Local researcher offers best options to scarce N95 masks

Jan 19, 2022

Ken Drouillard, professor at the Great Lakes Institute for Environmental Research,

and who participated in a mask study to see what approach is comparable to an N95 mask,

is pictured at his home on Monday, January 17, 2022. Here he holds a cloth mask that when tied tight over

a surgical mask can be comparable to an N95 mask. PHOTO BY DAX MELMER /Windsor Star


A local researcher at the University of Windsor has offered alternatives to those unable to obtain an N95 mask as protection from COVID-19 and its variants.

Following a recent study, it was determined a two-ply cotton mask fastened tightly with ties over a basic medical mask offers similar protection as an N95 mask, according to Ken Drouillard, an environmental professor at the Great Lakes Institute for Environmental Research who participated in the effort.

“This is timely information for the public,” he said. “Given the high community risk factors posed by the Omicron variant and the scarcity of N95 masks, we want to be able to help people use the best mask they have access to.”

The study that Drouillard participated in was led by a team at McMaster University. It involved testing various masks, combinations of masks and mask-wearing devices to help determine the best performance of filtering out aerosol-sized particles.



With the double masking, it is the medical mask underneath doing most of the aerosol filtering, Drouillard said. The cotton mask with ties mainly acts to improve the fit of the medical mask underneath and prevent air leakage. The study also showed the two-ply cotton masks can be washed dozens of times without affecting performance.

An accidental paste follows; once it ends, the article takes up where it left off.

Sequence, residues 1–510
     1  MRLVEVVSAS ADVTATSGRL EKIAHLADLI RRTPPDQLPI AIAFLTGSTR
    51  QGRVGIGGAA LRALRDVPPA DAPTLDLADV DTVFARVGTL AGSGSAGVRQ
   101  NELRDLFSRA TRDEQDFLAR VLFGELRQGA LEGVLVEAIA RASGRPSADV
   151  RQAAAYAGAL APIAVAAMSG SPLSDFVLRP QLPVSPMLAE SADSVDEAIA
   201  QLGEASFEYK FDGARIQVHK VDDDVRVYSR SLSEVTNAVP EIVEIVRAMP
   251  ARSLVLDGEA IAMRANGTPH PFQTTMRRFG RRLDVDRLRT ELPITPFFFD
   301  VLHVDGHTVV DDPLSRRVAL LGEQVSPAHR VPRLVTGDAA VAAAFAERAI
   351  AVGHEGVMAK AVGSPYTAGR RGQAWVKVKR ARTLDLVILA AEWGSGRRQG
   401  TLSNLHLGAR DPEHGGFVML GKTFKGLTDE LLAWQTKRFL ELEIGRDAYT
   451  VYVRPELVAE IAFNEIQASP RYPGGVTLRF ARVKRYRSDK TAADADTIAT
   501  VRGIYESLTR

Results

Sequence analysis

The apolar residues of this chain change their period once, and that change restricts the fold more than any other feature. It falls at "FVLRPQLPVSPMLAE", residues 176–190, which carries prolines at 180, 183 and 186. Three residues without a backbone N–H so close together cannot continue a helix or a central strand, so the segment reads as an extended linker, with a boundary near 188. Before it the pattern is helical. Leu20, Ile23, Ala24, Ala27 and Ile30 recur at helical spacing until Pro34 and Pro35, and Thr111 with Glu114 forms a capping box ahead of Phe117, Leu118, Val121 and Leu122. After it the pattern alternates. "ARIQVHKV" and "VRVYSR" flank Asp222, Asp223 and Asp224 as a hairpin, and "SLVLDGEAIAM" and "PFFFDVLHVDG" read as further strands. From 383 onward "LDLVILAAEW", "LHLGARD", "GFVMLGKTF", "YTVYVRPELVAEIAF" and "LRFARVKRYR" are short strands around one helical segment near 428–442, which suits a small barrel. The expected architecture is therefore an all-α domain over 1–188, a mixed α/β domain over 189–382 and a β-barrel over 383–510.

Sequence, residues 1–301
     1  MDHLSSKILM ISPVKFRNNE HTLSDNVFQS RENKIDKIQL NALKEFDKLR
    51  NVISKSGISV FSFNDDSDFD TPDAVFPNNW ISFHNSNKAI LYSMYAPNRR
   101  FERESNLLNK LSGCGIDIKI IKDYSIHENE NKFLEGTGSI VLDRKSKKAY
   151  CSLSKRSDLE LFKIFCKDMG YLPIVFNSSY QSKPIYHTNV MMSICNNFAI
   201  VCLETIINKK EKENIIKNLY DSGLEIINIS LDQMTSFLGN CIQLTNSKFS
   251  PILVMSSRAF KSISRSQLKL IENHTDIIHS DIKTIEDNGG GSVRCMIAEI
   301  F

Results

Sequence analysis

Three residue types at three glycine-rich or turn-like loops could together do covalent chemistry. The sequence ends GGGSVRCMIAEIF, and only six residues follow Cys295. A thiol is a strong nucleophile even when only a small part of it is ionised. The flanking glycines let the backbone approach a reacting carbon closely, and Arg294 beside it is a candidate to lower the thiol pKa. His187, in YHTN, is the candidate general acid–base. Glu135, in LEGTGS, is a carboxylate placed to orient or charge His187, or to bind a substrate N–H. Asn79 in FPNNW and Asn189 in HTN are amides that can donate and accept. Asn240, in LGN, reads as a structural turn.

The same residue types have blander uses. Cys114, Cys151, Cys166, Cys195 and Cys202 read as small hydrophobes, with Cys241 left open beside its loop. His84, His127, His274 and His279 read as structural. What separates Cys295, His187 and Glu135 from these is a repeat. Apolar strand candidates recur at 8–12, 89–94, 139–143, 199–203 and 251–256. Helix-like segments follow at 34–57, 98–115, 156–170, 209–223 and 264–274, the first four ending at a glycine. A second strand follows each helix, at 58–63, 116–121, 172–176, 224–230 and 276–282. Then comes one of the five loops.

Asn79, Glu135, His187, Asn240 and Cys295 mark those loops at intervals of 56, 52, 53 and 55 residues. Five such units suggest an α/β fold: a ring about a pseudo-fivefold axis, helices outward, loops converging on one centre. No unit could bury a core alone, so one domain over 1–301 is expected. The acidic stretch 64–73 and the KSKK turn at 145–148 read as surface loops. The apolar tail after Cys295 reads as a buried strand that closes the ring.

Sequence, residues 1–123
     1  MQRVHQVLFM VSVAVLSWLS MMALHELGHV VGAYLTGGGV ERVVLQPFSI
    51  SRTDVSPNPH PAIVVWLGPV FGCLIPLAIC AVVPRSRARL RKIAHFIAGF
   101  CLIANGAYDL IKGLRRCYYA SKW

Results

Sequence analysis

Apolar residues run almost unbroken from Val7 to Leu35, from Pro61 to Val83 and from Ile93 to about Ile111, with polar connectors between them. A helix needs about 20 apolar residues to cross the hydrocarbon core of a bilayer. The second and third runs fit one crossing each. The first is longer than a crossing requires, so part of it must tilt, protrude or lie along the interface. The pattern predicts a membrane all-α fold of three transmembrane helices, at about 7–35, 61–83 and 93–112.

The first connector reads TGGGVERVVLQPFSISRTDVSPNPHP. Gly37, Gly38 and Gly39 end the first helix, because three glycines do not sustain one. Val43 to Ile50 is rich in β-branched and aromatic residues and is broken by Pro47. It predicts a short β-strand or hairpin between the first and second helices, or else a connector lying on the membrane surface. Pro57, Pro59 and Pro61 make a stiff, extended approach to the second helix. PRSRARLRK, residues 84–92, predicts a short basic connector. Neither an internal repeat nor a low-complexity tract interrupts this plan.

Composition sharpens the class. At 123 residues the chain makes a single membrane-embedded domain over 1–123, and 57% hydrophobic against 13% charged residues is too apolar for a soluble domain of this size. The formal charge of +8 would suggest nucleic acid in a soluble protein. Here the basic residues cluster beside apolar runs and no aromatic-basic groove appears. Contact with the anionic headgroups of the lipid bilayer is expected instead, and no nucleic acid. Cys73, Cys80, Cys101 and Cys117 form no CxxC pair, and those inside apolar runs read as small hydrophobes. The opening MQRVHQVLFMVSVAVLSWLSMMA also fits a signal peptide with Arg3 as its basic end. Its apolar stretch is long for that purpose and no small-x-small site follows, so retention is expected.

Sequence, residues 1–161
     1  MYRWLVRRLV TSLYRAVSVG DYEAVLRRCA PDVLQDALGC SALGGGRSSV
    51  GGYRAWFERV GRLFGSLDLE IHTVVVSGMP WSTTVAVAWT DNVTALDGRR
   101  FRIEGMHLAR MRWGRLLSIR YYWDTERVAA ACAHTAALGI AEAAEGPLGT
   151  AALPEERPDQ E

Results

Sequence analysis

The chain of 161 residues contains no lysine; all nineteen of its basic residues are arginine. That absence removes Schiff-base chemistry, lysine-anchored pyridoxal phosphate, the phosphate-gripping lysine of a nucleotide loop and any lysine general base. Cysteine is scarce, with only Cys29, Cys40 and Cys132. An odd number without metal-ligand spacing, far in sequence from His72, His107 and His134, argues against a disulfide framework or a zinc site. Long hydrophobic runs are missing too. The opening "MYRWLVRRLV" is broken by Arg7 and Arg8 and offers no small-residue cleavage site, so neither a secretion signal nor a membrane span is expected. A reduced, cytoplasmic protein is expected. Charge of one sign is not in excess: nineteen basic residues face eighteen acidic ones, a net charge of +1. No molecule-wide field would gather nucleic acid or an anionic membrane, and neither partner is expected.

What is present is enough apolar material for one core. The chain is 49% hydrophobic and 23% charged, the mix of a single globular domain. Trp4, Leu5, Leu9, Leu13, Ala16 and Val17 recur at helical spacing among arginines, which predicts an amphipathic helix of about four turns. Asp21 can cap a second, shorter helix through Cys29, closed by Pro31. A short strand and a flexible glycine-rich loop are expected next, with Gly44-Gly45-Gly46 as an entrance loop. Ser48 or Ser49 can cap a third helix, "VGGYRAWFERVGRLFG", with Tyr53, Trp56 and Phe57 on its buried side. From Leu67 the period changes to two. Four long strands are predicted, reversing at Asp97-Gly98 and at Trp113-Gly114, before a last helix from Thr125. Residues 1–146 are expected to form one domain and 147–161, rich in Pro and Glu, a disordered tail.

When it comes to any mask the best prevention is based on a tight fit, which medical masks don’t always provide alone.

“Even with (double masks) you have to make sure it fits tightly to match N95 performance,” Drouillard said. “A lot of the medical masks are loose or don’t fit that well. One way to achieve that is the cloth mask that ties behind your head.

“Fogged-up eyeglasses when wearing your mask are evidence of air leakage around the nose.”

And not all medical masks offer the same protection, he said. True medical-grade masks are certified by ASTM, an international standards organization. A certified ASTM mask will include the organization’s name on the box.

There are three grades of masks available, the L1 being the cheapest and most accessible.

The study team’s testing has shown an L1 alone, worn snugly on the face, filtered out about 54 per cent of particles. A two-ply, pleated mask made of high-quality quilting cotton and with ties rather than ear loops provided 55 per cent effectiveness. In combination, with the cloth mask with ties worn over the L1, the filtration rate was nearly 91 per cent.

The research team studied participants and assembled results over about three months last fall. The work still remains ongoing.

Drouillard’s spouse, Rebecca Rudman, is one of the founders of the Windsor-Essex Sewing Force — a group of volunteers who have produced thousands of donated cloth masks and among those also participating in the study.

“Right now we are flushing out additional participants and will look at the results,” Drouillard said. “We do stress people use the best mask available to them since not everyone has access to N95 masks.”

Courtesy: https://windsorstar.com/news/local-news/local-researcher-offers-best-options-to-scarce-n95-masks